Benefits of Prophylactic Mastectomy

Sometimes women remove a healthy breast as a preventative strategy so that they don’t have to worry about getting breast cancer. This is called a prophylactic mastectomy. Learn more about the benefits of prophylactic mastectomy in the video.

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Jay K. Harness, MD: When we use the term ‘prophylactic’ in talking about breast, we are talking about a prophylactic mastectomy, in other words, the removal of a healthy breast. Why in the world would we ever want to do that? Well, part of this is driven now by patient choice. There are patients who say, “Gee, I have had a cancer on one side and I have had a mastectomy on that side. I never want to deal with this again. I simply want the other breast off.”

Another example of the use of prophylactic mastectomy, or plural mastectomy (meaning both breasts), would be in somebody who is gene-positive, who know that their chance of getting a breast cancer is 80%, and this is a preemptive strike, if you will, to prevent ever getting breast cancer.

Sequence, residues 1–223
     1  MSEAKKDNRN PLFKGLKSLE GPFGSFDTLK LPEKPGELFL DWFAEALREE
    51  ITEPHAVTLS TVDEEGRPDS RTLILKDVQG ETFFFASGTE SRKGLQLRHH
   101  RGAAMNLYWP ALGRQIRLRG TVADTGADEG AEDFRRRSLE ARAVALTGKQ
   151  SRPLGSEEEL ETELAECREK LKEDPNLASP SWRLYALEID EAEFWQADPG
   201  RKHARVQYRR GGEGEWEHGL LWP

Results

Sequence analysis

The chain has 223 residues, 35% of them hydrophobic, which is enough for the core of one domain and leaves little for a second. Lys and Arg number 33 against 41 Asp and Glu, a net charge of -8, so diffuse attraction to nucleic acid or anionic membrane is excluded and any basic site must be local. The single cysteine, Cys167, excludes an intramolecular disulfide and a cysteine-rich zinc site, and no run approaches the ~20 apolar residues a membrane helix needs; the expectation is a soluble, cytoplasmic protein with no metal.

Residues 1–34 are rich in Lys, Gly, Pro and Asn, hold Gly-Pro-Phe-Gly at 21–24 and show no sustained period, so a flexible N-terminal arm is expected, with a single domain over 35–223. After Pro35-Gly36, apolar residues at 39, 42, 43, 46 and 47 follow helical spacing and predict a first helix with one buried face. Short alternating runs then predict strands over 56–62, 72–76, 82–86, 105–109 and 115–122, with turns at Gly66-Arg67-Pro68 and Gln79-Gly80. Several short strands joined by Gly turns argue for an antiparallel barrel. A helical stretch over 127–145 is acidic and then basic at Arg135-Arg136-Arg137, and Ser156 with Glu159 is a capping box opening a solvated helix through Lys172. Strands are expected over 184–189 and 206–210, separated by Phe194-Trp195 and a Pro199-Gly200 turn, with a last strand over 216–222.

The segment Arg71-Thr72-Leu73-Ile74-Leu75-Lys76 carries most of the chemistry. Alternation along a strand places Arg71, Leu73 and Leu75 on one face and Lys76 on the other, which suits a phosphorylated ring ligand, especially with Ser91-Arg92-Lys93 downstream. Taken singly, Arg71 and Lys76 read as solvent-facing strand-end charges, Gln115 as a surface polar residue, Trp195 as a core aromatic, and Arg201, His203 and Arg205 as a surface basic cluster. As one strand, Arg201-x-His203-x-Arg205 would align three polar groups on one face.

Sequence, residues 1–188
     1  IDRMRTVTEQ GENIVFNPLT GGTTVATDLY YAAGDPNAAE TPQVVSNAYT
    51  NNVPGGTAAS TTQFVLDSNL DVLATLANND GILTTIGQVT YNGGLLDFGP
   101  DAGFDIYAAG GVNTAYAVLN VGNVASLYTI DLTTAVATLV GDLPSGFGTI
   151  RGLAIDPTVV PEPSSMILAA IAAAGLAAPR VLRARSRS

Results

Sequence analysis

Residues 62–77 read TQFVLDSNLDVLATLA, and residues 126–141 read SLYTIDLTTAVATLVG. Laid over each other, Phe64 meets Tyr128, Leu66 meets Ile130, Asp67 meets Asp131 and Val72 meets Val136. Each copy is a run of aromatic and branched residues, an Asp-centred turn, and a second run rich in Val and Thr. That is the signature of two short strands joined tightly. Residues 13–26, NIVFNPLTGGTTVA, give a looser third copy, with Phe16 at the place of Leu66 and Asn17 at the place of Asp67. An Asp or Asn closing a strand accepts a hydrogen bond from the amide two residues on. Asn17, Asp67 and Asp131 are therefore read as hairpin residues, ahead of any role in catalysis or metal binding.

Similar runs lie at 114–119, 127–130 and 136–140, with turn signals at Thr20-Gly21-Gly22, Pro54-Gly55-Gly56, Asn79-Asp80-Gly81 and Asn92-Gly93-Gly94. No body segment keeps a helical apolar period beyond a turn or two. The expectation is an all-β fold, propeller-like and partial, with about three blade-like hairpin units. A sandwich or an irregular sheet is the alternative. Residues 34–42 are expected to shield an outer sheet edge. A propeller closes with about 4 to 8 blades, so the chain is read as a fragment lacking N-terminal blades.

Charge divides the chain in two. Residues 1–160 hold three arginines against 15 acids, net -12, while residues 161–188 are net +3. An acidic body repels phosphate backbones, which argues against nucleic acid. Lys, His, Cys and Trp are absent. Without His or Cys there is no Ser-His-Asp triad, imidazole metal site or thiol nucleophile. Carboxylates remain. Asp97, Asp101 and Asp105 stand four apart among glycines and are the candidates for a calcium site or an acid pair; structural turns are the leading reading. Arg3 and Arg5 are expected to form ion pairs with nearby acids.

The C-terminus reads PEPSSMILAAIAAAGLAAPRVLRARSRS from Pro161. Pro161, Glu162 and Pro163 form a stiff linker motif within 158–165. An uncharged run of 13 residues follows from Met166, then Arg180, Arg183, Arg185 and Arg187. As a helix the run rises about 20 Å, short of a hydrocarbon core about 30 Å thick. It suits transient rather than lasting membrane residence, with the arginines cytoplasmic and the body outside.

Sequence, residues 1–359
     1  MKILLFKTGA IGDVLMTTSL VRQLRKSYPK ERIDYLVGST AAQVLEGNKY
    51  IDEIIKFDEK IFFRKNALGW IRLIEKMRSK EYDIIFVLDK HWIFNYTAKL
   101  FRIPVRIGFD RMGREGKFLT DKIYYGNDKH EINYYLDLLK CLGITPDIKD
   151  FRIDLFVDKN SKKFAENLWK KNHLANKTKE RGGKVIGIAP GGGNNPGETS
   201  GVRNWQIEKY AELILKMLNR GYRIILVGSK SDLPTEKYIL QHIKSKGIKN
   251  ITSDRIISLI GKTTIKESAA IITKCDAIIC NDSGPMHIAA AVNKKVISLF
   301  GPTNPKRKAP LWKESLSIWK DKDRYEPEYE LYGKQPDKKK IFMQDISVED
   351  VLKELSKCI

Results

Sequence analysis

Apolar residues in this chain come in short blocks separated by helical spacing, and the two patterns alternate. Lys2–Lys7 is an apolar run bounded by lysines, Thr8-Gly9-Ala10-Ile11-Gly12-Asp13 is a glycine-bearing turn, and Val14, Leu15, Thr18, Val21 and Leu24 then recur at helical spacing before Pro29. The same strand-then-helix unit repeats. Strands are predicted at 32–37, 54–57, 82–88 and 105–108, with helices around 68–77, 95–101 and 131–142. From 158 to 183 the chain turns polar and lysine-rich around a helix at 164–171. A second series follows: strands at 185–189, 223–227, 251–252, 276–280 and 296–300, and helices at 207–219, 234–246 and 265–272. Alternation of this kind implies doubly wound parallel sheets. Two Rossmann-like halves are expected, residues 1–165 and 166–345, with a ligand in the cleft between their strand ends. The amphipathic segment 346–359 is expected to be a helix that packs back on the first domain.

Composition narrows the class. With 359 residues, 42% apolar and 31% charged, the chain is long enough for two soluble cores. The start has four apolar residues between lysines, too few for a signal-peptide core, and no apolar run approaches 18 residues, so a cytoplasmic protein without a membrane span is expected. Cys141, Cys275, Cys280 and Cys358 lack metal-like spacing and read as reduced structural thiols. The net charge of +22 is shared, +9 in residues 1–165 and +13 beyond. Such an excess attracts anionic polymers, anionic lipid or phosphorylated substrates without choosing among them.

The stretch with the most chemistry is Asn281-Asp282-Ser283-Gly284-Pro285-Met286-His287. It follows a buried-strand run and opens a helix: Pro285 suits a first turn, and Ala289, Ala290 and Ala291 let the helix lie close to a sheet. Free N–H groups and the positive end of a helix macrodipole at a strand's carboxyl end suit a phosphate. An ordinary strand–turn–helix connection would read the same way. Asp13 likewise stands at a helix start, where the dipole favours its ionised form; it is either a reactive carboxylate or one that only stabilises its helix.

In that sort of circumstances, prophylactic mastectomy is prior to ever having a breast cancer and lowers the gene-positive patient’s chance of dying from breast cancer by a little greater than 95%. There’s no mastectomy on the planet that can remove 100% of all breast tissue, but greater than 99% is removed with a mastectomy – prophylactic or not.

Dr. Jay K. Harness is a board certified surgeon currently treating patients at St. Joseph Hospital in Orange, CA. Dr. Harness specializes in complete breast health, breast cancer surgery, oncoplastic reconstruction, genetic screening, management of breast health issues, risk assessment and counseling. Dr. Harness is the medical director for Breast Cancer, and guides this first ever social media show’s information by drawing on his former leadership experience as the President of the American Society of Breast Surgeons and Breast Surgery International. Dr. Harness graduated from the University of Michigan, Ann Arbor in 1969 and spent time early on in his career at the University of Michigan Medical Center.

This information should not be relied upon as a substitute for personal medical advice, diagnosis or treatment. Use the information provided on this site solely at your own risk.  If you have any concerns about your health, please consult with a physician.